While trusting your team is key, so is managing expectations. There are three things you need to be clear about right from the beginning: 1) the result you want; 2) when you expect that result by; and 3) what resources (i.e., money, crew, equipment, etc.) you’re giving them to get you that result. If they assure you they can deliver, let them go do it. You’re there to supervise and troubleshoot issues, but I promise you the clearer you are about the results you expect, the less likely that troubleshooting will even be necessary.
Learn to Wear Many Hats
Very rarely does an indie producer get to sit back and just be a producer. Quite often, we have to be line producers, UPMs, post supers, development execs, attorneys, accountants, coordinators, even set PAs! I once had a budget so tight, I had to stand at the catering table and personally dish out portions of food to crew members just to ensure we had enough for everyone! The more skills you learn, the more knowledgeable you will become, and therefore the more valuable you will be to financiers, writers, directors and other producers. Moreover, it may allow you to save areas of your budget that could otherwise prove costly, making you worth your weight in gold. (For example, if you become adept at drafting and reading contracts, that may be less time you have to pay a pricey outside attorney.)
Put It on the Screen
If you’re the kind of producer who can make dimes look like dollars on screen, you’ll become more desirable to other filmmakers because they’ll want you to work your magic on their projects as well. Analyze what areas of your budget will really show up on screen and prioritize them. Maybe it’s something tangible and direct like a cool picture car or camera toy or special effect (as long as you can afford it), but it may also be something intangible like a good meal for your crew that keeps them happy, energized and working hard to get the shots you need.
Being a good producer is not just being a conductor, but also a circus performer. That’s because you’re always walking a tightrope between the financier and the production. On the one hand, you have to protect the money and make sure it gets spent appropriately; on the other hand, you have to give your director and below-the-line team the resources they need to bring value to the screen. The best way to achieve this balancing act is to accept the nature of trade-offs and get your people to do the same. Even if you can’t fully appease one side or the other, analyze options thoroughly so that you can present them with a choice. Maybe the director can have that crane shot, but he’ll have to settle for a cheaper and less desirable location.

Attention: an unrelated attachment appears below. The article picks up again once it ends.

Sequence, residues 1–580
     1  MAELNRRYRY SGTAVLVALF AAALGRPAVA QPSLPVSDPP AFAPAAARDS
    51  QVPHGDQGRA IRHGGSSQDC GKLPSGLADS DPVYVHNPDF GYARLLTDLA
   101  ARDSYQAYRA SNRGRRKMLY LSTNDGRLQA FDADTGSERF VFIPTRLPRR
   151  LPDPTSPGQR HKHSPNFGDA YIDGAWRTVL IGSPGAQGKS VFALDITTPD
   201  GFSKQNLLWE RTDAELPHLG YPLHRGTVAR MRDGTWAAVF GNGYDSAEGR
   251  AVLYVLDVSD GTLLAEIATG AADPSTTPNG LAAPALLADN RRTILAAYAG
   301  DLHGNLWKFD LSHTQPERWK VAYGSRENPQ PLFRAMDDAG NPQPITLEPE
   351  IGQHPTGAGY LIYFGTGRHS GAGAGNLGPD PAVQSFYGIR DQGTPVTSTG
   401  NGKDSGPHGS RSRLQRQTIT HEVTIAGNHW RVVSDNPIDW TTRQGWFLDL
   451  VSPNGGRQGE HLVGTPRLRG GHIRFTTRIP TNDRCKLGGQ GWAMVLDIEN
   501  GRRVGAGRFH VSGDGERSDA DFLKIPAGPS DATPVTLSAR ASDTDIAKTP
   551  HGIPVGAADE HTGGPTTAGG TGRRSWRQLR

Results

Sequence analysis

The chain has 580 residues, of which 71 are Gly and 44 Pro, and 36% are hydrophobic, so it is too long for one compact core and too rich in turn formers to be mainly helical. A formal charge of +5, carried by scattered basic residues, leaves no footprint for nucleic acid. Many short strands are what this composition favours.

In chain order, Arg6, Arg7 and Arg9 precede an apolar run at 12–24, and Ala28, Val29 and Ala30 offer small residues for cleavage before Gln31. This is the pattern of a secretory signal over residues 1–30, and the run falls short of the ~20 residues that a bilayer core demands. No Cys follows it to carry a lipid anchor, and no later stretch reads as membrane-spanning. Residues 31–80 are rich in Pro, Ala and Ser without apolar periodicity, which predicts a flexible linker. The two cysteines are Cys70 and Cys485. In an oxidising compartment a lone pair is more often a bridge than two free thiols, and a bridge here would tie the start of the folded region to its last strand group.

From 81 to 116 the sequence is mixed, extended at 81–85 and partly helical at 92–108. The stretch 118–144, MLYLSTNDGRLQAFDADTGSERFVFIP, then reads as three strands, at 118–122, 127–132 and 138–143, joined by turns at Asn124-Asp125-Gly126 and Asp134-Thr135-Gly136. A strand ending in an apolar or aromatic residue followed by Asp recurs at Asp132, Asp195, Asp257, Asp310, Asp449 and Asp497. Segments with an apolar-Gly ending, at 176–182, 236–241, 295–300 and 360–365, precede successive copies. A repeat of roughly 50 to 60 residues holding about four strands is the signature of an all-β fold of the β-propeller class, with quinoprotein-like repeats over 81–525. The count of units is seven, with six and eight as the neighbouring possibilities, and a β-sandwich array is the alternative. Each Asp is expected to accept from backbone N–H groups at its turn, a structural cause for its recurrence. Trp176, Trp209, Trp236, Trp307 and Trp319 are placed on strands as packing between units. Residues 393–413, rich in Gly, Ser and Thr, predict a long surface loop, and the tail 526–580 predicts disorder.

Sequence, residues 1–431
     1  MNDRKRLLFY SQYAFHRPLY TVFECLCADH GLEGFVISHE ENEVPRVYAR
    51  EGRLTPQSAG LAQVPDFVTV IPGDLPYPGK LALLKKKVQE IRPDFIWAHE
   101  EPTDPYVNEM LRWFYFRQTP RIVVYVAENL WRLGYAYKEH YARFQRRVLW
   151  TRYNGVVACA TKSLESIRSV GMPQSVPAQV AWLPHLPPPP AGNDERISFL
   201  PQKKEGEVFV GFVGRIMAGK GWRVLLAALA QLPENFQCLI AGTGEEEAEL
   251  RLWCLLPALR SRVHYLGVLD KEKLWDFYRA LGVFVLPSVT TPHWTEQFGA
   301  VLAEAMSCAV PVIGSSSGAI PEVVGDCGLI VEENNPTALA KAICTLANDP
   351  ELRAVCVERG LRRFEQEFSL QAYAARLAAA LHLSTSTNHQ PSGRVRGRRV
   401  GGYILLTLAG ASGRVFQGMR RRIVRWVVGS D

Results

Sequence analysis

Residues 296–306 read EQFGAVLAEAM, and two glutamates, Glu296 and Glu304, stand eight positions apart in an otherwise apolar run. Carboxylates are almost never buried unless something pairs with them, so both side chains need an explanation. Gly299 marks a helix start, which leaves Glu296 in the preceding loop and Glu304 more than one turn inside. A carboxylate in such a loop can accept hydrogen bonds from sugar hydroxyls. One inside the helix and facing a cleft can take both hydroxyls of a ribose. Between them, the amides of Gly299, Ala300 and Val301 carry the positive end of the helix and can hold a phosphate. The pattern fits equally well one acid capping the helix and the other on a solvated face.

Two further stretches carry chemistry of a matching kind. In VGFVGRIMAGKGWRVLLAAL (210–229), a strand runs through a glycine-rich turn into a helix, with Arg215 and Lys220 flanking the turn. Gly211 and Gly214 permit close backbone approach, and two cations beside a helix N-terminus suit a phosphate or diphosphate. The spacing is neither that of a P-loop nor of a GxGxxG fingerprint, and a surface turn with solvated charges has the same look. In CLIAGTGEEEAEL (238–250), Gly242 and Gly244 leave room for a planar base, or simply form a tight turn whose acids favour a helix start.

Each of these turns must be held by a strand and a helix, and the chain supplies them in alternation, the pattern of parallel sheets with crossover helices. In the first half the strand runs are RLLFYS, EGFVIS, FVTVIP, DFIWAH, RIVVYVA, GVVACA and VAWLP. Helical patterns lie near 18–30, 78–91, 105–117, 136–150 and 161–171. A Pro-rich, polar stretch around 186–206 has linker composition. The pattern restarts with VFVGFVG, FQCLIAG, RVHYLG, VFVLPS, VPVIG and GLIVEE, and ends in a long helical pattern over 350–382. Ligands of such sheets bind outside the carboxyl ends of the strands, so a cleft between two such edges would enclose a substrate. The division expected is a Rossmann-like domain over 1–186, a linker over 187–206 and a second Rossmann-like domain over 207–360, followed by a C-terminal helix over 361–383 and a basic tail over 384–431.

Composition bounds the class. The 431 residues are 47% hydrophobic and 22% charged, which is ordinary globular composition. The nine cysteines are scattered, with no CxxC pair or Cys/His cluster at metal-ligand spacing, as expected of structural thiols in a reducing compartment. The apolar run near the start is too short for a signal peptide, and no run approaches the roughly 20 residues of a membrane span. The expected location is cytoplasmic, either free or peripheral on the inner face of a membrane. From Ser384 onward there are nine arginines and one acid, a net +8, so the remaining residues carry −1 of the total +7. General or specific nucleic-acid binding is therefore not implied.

Don’t Be Afraid to Say “I Don’t Know”
Whether it’s ego, fear or the pressure of providing a quick answer, too many producers are reticent to say those three little words: “I. Don’t. Know.” Of course, the follow-up to that should be, “But I’ll find out.” Remember those multiple hats we have to wear? Sometimes that includes “researcher.” Better to measure twice and cut once. No one will think less of you for not having all the answers upfront. In fact, they’ll probably respect you more for your honesty, directness and due diligence.
Be Prepared to Climb Back Down the Mountain
Now you’re thinking, what, I have to be a conductor, circus performer and mountain climber? Yeah, kind of. Many filmmakers understand what a climb it is to get their indie film made. It’s like scaling Everest! But what they don’t realize is that when they reach the peak, they’re only halfway done. They still need to get back down! And that’s a whole other journey! That part of the journey involves what you do with your finished film — attending festivals, generating publicity, marketing efforts, securing distribution and foreign sales, creating additional deliverables, paying residuals and backend participants, paying back financiers, and so forth. All in all, producing a picture is a multi-year endeavor that requires the tenacity to keep going until you finally find your audience — an audience that is willing to hand over their hard-earned dollars in exchange for the promise that you can keep them entertained for 90 minutes.
Now that you’ve learned from some of the mistakes I once made, go out there and make a few of your own! Happy producing!